The Maine Turnpike Authority is moving forward on a controversial plan to build a high-speed toll plaza 1.5 miles north of the existing York plaza rather than at the site preferred by the town of York.

The toll road’s board of directors Thursday voted unanimously to instruct staff to seek permits to build the plaza at mile marker 8.8. Construction could start in the spring of 2017 if the permits are awarded.

Although expected, the board’s decision sparked outrage by opponents of the plan who have been battling the relocation for years.

“This is an unbelievably expensive project that will absolutely destroy people’s lives and the environment,” said Joan Jarvis, a York resident who is among the leaders of an opposition group called Think Again.

The turnpike authority’s staff had recommended the site, as did a consultant, who told the authority it would save $20 million if it built the plaza at Mile 8.8 on the turnpike rather than at Mile 7.3, a site 400 feet north of the existing plaza. The town of York and Think Again, a collection of concerned residents, prefer having the new toll plaza built at Mile 7.3.

There are 90 homes within 2,600 feet of the mile 8.8 site that will be affected by increased light pollution and the noise of trucks braking and accelerating if the toll plaza is built there, Jarvis said. She said there are far fewer homes within the same distance at mile 7.3.

Peter Mills, executive director of the turnpike authority, said nearly all of the homes cited by Jarvis are so far away they won’t be affected at all by the project. He said there are only four houses within 1,000 feet of the mile 8.8 site, compared to 47 houses at the mile 7.3 site.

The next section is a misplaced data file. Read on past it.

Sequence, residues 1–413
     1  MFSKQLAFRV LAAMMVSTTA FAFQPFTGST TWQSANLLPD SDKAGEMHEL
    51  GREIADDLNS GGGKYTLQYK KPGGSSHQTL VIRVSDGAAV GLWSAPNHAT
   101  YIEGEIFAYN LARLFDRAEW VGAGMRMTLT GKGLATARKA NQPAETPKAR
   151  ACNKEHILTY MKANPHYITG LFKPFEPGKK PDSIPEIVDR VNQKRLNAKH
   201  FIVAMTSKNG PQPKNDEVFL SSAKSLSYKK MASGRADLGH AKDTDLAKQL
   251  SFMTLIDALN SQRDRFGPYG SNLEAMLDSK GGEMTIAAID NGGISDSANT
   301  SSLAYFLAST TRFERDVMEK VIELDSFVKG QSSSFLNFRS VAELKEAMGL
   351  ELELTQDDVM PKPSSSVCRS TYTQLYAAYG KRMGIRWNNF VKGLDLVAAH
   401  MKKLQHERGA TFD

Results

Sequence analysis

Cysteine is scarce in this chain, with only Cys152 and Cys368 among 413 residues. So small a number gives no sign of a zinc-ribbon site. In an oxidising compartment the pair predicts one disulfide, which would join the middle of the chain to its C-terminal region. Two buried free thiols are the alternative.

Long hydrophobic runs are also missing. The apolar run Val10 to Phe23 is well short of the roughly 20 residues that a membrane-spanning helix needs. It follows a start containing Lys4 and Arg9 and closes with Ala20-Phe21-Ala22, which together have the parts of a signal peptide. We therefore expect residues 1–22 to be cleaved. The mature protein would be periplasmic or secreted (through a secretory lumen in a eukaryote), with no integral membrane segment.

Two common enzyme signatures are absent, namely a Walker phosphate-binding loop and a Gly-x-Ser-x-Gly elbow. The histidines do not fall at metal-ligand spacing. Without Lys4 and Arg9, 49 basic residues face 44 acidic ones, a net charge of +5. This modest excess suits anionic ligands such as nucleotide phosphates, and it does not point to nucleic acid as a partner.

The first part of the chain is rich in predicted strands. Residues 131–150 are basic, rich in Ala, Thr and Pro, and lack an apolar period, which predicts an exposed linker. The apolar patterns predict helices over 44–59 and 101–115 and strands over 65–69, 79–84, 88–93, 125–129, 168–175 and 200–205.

Jacobs Engineering Group, a global engineering firm based in California, said it would cost $60 million to build the plaza at mile 7.3 because a significant portion of the site is wetlands. It said it would cost $40 million to build at mile 8.8 because the site has better soil for construction. The report also said mile 8.8 would be a safer location because it is on a straight section of the highway and on the crest of a hill, which would provide good visibility for approaching vehicles. The mile 7.3 location, on the other hand, is on a curve, the report said.

Because the toll plaza would be atop a hill, cars and trucks won’t have to use their brakes as much to slow down, Mills said.

The turnpike authority wants to replace the York toll plaza, which collects $56 million in toll revenue per year, because it’s sinking into clay soils at its existing location and a tunnel full of electrical components leaks. The new toll plaza would be designed to allow motorists to pay cash at booths or to pay electronically with their E-ZPass by using highway-speed center lanes, such as those on Interstate 95 in Hampton, New Hampshire.

That design is also coming under fire by opponents, who argue that building a cash-oriented toll plaza is a waste of money because they will be obsolete in a few years. Other states, such as Florida, have found they can collect tolls more safely using all-electronic tolling, Jarvis said. In all-electronic tolling, which is also used on the Golden Gate Bridge, if vehicles don’t have an E-ZPass, cameras capture an image of the license plate and the vehicle’s owner is sent a bill.

According to the plan approved by the board of directors Thursday, the existing turnpike lanes will be used for high-speed toll lanes. Five lanes would be added at the southbound side of the plaza and four to the northbound side for cash toll booths.

The turnpike authority will need two permits, one from the Army Corps of Engineers because about one acre of wetlands will be disturbed. It also needs a Natural Resources Protection Act permit from the Maine Department of Environmental Protection.

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